Key findings: GCC is positioned to embrace the disruptive potential of digitalisation
Business Reporter -
Dec 19: A joint study conducted by Siemens and the Ideation Centre at the management consultancy Strategy& (formerly Booz & Company), part of the PwC network, has emphasised the benefits businesses in the GCC stand to gain from digitalisation, and outlined a road map of how they can undertake a fully holistic approach to embarking on a digital transformation.
Senior executives from Siemens Middle East and Strategy& launched the “Preparing for the digital era: the state of digitalisation in GCC businesses” report, highlighting key findings from the joint study that are intended to help encourage the progress and evolution of digitalisation among the region’s businesses.
Of the 300 companies surveyed, 60 per cent believe that digitalisation has the potential to create new business models or lead to a more open culture of innovation.
However, only 3 per cent of organisations believe they are at an advanced stage of their digital transformation process, with only 18 per cent using the cloud and 30 per cent using big data and analytics specifically. The study also found that GCC companies are lagging behind their government and consumer counterparts when it comes to using digital technologies.
For example, GCC governments have acknowledged the economic and social benefits of digitalisation, incorporating them into their ambitious strategies. Saudi Arabia’s Vision 2030 and National Transformation Plan 2020, Smart Dubai, Qatar’s Connect 2020 ICT Policy, and Oman’s digital strategy e-Oman all stress the importance of the use of digital technologies. Similarly, GCC consumers are among the most tech-savvy in the world.
The UAE, Qatar and Bahrain have more than 100 per cent smartphone penetration rates and young people across the region are playing an important role in influencing the development of new technologies.
“Governments and consumers in the GCC have been rapid adopters of digital technologies, and our report tells us the benefits of digitalisation are widely acknowledged by the majority of organisations,” said Dietmar Siersdorfer, CEO, Siemens Middle East and UAE.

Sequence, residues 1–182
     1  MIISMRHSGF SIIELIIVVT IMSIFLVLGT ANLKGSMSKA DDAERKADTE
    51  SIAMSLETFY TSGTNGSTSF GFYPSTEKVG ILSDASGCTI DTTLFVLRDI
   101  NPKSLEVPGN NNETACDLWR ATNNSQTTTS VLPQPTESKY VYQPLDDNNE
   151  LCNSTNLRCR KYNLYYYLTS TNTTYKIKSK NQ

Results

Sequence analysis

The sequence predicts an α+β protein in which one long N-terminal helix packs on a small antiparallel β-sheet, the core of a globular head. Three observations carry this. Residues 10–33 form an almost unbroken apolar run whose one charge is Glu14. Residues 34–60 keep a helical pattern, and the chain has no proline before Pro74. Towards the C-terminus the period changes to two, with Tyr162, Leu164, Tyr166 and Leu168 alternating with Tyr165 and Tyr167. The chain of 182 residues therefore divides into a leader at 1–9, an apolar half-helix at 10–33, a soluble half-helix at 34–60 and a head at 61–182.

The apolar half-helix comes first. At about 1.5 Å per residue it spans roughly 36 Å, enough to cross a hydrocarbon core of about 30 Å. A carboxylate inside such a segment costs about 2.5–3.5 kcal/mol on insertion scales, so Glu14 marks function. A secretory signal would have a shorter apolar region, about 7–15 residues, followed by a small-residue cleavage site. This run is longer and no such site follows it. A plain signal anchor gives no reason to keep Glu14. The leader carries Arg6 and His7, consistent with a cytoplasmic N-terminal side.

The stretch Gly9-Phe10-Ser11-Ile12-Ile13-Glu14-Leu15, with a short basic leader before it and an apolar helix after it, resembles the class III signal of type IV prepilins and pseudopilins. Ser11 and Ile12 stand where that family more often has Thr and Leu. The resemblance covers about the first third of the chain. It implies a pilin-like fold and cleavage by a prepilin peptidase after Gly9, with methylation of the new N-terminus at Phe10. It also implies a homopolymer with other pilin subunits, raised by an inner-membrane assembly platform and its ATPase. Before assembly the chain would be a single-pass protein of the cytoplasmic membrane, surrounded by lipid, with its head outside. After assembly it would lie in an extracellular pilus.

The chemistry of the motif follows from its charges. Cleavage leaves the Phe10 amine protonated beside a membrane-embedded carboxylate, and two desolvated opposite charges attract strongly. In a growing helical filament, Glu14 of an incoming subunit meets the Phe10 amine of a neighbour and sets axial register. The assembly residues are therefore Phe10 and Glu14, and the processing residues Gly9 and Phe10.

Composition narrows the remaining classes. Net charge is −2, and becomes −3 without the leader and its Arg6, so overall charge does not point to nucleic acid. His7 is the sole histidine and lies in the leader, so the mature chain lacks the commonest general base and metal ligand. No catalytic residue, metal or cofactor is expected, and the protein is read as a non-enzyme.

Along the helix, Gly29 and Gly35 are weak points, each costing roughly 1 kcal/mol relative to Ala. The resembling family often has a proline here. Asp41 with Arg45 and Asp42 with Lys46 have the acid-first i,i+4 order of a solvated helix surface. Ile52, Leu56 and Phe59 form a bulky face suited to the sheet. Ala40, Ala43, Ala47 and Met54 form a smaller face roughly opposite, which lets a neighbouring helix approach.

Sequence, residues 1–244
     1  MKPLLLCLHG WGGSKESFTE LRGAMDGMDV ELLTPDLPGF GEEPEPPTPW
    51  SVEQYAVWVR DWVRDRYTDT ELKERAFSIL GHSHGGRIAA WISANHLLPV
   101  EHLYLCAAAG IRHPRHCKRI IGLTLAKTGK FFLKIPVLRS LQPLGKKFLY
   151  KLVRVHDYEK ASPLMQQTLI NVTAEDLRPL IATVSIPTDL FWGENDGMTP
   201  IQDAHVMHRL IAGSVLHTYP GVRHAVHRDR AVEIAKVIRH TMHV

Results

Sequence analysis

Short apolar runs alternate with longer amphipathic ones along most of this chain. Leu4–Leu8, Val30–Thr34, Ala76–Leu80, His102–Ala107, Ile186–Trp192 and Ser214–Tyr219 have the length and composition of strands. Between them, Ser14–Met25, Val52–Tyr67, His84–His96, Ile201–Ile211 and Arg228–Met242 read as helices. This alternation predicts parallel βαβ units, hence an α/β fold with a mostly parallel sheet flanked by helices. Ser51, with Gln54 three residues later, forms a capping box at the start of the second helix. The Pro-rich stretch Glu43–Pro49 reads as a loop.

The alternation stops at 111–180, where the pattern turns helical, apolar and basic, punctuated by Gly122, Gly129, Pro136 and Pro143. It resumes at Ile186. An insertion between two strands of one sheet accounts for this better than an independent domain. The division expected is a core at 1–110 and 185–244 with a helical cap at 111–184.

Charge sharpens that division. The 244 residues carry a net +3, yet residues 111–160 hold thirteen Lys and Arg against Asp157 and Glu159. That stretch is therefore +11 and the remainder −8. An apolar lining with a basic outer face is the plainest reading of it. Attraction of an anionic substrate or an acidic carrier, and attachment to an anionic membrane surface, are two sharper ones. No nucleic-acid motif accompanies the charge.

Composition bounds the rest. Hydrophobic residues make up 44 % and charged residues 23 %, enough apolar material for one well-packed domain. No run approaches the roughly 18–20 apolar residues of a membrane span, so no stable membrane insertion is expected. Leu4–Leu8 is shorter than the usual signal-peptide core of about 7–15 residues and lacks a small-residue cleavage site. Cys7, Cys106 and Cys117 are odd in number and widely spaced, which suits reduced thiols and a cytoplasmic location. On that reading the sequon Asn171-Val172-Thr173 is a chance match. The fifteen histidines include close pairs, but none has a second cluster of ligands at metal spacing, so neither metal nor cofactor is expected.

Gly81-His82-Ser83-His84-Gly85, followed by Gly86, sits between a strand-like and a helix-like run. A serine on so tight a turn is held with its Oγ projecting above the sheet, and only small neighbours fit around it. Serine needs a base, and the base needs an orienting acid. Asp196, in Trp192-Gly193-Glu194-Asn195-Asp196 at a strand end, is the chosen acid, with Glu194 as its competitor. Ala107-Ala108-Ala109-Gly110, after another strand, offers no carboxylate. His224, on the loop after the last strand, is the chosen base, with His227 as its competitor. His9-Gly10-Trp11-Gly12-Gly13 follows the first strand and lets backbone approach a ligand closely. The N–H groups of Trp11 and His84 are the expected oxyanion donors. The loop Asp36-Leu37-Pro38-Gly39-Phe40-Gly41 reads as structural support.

Though GCC company executives show great enthusiasm for going digital, many are still coming to grips with its full meaning and potential. In general, executives have a narrow view of digitalisation which often ignores the far-reaching benefits that moving towards digital can bring, such as problem solving, reinventing business models, re-imagining the customer experience, inspiring trust and accelerating change. The fact that many organisations have a partial understanding restrains the uptake of digital technology and obstructs the formulation of effective strategies.
Discussing the use of digital technology in the GCC, Samer Bohsali, Partner with Strategy& in Dubai, said: “Executives in the GCC are excited by digital. They recognise its benefits, such as stronger customer orientation and increased efficiency, which is vital in an era of budget constraints. Many companies, however, perceive the process of going digital as the adoption of a specific technology, rather than a transformation journey.”
While many organisations are gradually building technology capabilities, some lack the vision and the necessary leadership to drive their digital transformation. Taking practical steps forward can often be beset by internal obstacles, be they cultural, organisational, people-related or financial. For example, 40 per cent of companies in the region have allocated less than 5 per cent of their total investments to digitalisation activities. Only 37 per cent of companies have a strategy for going digital, and less than 1 per cent of companies have a Chief Digital Officer.